computed tomography: Effect of matrix size
著者 Ogura Akio, Hayakawa Katsumi, Miyati Tosiaki, Maeda Fumie
European Journal of Radiology
page range 162‑166
Improvement on detectability of early ischemic changes for acute stroke using of nonenhanced computed tomography - effect of matrix size-
Akio Ogura, MS1,2)
Katsumi Hayakawa, MD1)
Tosiaki Miyati, PhD2)
Fumie Maeda, RT1)
1) Department of Radiology, Kyoto City Hospital 2) Graduate School of Medical Science, Kanazawa University
Corresponding Author: Akio Ogura Department of Radiology, Kyoto City Hospital 1- 2, Higashitakada-cho, Mibu, Nakagyo-ku, Kyoto, JAPAN
TEL: +8175-311-5311(2183) E-mail address: email@example.com
Running Title: Improvement on detectability of early ischemic changes
Improvement on detectability of early ischemic
changes for acute stroke using of nonenhanced
computed tomography - effect of matrix size-
It has recently been reported that intravenous recombinant tissue plasminogen activator improves the clinical outcome after acute stroke.
Computed tomography (CT) is the standard imaging method used to determine the indication for thrombolysis. However, detection of early ischemic change often results in an increase in local radiation exposure.
Therefore, the effects of decreased matrix size and use of a noise reduction filter were evaluated.
Materials and Methods:
The low contrast resolution was compared for different matrix sizes and imaging filters using a contrast-detail phantom. In addition, early ischemic change in clinical images with matrix sizes of 256×256 and 128×128 processed using three imaging filters (Gaussian, smoothing, unsharp mask) from 11 patients within 3 h of stroke onset were evaluated by seven radiologists in a blind manner.
The use of images with a matrix size of 256×256 and processed with the Gaussian filter increased the detection of early signs of acute stroke.
This study was performed to determine whether the converted matrix size and use of imaging filters could improve the detectability of early ischemic change on CT images in acute stroke. To reduce the dose of radiation exposure for patients, it was effective to use an optimal noise reduction filter and reasonable matrix size. In particular, changing the matrix size to 256×256 was the most effective for detection of early ischemic change in examinations using clinical images.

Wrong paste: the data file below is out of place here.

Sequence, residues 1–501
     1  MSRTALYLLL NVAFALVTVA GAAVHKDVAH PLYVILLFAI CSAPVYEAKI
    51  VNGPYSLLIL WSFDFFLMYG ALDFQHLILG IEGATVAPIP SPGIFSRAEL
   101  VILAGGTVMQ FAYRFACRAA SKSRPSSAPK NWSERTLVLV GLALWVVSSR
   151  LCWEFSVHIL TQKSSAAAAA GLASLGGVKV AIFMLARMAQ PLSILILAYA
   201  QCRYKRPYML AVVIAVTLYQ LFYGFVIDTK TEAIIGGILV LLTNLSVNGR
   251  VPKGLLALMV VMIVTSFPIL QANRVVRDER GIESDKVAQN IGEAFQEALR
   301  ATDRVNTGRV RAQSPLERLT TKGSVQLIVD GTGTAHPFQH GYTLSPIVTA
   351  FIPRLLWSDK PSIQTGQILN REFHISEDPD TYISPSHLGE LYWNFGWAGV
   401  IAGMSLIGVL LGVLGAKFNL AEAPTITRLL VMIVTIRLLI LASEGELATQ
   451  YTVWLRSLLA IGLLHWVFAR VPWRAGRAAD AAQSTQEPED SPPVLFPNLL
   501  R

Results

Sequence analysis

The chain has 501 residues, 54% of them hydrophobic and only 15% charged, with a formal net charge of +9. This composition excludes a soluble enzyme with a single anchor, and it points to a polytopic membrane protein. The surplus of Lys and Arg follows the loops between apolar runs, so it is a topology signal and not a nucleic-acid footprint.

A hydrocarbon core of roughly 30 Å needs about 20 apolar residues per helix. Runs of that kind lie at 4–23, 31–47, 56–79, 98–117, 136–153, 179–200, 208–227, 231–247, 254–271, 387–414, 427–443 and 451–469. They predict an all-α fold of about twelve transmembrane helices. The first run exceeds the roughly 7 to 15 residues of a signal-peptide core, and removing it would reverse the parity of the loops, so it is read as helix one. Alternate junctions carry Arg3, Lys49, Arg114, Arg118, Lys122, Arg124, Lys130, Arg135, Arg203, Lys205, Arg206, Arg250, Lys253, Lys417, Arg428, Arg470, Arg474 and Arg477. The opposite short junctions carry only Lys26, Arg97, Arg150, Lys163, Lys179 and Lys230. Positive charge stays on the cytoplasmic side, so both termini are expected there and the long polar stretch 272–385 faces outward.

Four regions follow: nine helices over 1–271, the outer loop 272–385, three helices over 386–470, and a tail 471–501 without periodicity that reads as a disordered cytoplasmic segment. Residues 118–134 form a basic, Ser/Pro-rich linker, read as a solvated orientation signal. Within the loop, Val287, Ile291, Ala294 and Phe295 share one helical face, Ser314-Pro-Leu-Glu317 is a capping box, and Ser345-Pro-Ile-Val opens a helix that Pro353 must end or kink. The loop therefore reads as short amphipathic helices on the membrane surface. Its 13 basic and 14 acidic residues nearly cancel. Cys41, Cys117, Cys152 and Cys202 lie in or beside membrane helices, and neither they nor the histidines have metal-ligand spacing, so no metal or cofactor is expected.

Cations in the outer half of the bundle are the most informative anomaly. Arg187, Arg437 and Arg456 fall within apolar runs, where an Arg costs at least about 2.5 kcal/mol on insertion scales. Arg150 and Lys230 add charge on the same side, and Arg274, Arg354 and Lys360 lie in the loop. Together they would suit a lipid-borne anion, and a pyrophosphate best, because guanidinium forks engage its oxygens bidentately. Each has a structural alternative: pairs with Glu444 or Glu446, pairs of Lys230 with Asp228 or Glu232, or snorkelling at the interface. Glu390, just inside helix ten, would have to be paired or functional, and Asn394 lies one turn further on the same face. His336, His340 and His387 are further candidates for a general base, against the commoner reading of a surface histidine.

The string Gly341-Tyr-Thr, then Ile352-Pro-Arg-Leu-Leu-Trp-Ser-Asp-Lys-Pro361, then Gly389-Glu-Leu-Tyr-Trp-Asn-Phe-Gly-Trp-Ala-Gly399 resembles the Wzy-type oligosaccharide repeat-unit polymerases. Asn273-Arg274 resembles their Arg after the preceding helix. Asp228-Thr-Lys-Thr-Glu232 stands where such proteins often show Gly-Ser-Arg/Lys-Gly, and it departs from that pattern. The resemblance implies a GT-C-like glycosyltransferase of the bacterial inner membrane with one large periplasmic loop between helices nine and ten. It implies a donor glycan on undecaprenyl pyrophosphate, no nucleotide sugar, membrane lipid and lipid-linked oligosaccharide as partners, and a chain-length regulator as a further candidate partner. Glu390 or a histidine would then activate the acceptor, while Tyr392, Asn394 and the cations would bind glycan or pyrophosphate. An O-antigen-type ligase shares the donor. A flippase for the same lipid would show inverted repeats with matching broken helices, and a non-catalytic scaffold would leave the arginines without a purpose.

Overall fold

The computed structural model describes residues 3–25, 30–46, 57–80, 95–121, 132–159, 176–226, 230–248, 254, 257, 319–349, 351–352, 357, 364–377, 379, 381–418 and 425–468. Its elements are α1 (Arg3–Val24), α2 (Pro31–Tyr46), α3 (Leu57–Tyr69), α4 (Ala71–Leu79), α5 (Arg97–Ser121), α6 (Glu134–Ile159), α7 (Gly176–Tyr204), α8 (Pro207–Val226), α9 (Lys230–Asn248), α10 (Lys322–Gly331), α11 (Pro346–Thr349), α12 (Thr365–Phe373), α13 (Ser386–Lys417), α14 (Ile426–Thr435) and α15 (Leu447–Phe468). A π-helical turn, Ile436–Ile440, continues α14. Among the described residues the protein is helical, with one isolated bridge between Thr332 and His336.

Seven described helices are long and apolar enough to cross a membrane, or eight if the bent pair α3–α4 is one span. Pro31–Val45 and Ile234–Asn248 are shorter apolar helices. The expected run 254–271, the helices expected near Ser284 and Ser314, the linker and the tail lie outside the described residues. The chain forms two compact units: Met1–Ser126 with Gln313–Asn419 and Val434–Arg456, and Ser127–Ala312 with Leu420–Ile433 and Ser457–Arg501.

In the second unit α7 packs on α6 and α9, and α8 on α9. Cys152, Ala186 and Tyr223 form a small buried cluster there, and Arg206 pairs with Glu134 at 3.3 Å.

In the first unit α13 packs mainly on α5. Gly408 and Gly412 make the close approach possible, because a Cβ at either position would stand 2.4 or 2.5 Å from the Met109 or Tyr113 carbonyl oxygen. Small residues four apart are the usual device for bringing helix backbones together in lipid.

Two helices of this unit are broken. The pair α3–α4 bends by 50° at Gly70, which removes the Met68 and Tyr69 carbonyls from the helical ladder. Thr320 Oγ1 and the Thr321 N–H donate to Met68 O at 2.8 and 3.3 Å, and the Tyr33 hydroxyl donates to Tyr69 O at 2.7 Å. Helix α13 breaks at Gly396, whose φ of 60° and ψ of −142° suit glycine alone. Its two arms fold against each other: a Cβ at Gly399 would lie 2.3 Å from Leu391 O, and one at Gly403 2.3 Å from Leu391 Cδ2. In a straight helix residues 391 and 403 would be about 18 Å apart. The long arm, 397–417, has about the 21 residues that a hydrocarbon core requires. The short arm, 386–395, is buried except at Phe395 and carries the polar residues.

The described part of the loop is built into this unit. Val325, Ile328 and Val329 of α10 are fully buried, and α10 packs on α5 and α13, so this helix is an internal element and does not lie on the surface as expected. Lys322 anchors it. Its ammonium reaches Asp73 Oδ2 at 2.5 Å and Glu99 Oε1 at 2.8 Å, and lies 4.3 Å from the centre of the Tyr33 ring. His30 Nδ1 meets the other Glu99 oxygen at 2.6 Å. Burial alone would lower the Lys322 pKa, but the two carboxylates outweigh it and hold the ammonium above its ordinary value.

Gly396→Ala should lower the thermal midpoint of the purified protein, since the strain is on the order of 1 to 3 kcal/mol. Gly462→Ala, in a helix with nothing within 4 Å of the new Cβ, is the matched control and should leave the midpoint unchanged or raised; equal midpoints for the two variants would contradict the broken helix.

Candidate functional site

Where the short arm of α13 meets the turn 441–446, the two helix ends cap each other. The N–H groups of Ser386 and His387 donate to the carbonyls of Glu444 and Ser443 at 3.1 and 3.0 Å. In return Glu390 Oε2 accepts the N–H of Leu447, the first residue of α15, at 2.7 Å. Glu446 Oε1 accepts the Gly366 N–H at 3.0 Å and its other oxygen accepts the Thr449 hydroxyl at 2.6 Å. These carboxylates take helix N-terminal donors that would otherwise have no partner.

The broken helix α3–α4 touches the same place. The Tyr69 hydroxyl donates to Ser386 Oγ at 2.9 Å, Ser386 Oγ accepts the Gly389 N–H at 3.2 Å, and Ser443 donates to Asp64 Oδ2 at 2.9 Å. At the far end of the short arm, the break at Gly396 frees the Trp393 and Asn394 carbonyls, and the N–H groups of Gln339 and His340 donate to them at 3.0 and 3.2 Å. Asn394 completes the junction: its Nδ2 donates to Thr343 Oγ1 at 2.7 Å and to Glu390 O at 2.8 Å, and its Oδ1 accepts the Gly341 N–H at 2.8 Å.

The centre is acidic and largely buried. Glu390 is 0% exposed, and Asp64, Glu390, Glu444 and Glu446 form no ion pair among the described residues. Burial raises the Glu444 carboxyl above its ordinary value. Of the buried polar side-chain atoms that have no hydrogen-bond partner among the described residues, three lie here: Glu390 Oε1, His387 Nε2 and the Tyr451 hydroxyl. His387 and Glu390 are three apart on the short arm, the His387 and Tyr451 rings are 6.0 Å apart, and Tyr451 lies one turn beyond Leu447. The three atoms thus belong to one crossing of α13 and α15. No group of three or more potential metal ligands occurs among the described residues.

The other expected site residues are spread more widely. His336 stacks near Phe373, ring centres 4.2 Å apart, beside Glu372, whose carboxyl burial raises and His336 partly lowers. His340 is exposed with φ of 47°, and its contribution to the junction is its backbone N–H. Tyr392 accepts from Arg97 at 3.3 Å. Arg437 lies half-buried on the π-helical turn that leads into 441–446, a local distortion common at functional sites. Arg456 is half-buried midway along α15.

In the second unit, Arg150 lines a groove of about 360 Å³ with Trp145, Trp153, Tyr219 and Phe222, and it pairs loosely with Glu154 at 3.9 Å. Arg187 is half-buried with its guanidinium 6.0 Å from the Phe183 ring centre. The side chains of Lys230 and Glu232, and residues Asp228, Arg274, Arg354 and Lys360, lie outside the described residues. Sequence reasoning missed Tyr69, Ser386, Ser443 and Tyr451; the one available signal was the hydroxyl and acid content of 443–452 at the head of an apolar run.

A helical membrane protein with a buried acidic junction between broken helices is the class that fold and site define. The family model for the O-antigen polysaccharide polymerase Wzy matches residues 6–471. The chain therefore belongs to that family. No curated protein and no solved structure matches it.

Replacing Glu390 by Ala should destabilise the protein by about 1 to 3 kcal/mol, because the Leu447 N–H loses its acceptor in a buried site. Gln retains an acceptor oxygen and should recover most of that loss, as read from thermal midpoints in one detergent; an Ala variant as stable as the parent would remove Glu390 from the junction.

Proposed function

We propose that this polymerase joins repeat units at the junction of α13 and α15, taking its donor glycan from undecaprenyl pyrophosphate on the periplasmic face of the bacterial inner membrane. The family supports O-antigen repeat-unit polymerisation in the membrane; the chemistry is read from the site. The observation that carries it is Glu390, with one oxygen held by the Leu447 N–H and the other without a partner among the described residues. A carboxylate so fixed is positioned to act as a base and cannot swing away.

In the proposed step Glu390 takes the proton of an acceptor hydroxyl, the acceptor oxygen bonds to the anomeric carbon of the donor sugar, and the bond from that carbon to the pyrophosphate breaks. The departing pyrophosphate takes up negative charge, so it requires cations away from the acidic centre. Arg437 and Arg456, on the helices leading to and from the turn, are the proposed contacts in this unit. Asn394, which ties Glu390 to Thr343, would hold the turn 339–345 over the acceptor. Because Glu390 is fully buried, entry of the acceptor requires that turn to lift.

Key words: acute stroke, early ischemic change, matrix size, detectability
Intravenous thrombolysis using recombinant tissue plasminogen activator (rt-PA) has recently been approved for acute stroke within 3 h of symptom onset.(1) Although this type of therapy has been shown to be effective if begun less than 3 h after onset, its effectiveness if begun more than 3 h after onset has not been established.(2)
In addition, early thrombolysis in acute stroke often results in dramatic symptom improvement, but there is a risk of serious complications, including cerebral hemorrhage.(3) Therefore, careful judgment regarding the appropriateness of treatment is very important. Some institutions use Magnetic Resonance Image (MRI) to determine whether individual cases should be treated by thrombolysis, but Computed Tomography (CT) examination is used in many cases to avoid serious complications related to the timing of rt-PA treatment. It has been reported that identification of early ischemic change reduces the incidence rate of serious complications and improves patient convalescence.(4–8) However, identification of early ischemic change is difficult, and diagnosis is difficult for less experienced operators.(9–10) Diagnosis of early ischemic change requires a high signal-to-noise ratio to detect reduced contrast and loss of precise delineation of the gray–white interface in the margins. The simplest method is to use a low speed scan per rotation with a slice thickness of 8–10 mm and high tube current. However, these imaging techniques are unavoidably associated with exposure of the patient to high levels of radiation. In particular after a recent paper reporting an estimated risk of radiation induced malignancy from brain CT of up to 0.04%. (11)
Therefore, the present study was performed to investigate the effects of decreased matrix size and addition of noise reduction filters to improve the detectability of early ischemic change.
2. Materials and Methods
In this study, physical evaluation using a phantom and clinical evaluation using clinical images were performed. The institutional review board
approved the study design and review of patient records and images. The device used was ProSeed-SA helical CT scanner (General Electric Co.).
2-1. Phantom image evaluation
A contrast-detail phantom (CD-phantom) was used for evaluation of low contrast resolution measurement. The contrast-detail phantom was constructed for the project The CD-phantom consisted of an acrylic board with holes 10, 9, 7, 5, 4, 3.5, 3, 2.5, 2, 1, 1.5, and 1 mm in diameter and 10, 9, 8, 7, 6, 5, 4, 3, 2, 1, and 0.5 mm in depth. The CD-phantom is shown in Figure 1.
First, scanning parameters were set at a peak kilovoltage (kVp) of 120 with a section thickness of 10 mm, and the tube current was set to 200, 160, 100, or 60 mA. The slice position was the center of the phantom, and the non-helical scanning was used in this experiment.